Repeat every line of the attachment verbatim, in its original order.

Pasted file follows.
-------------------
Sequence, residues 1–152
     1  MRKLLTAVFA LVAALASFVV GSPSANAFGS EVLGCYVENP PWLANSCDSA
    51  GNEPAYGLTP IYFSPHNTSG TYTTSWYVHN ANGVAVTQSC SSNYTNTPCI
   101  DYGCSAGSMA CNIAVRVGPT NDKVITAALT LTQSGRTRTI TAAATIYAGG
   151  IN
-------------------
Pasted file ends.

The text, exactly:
Sequence, residues 1–152
     1  MRKLLTAVFA LVAALASFVV GSPSANAFGS EVLGCYVENP PWLANSCDSA
    51  GNEPAYGLTP IYFSPHNTSG TYTTSWYVHN ANGVAVTQSC SSNYTNTPCI
   101  DYGCSAGSMA CNIAVRVGPT NDKVITAALT LTQSGRTRTI TAAATIYAGG
   151  IN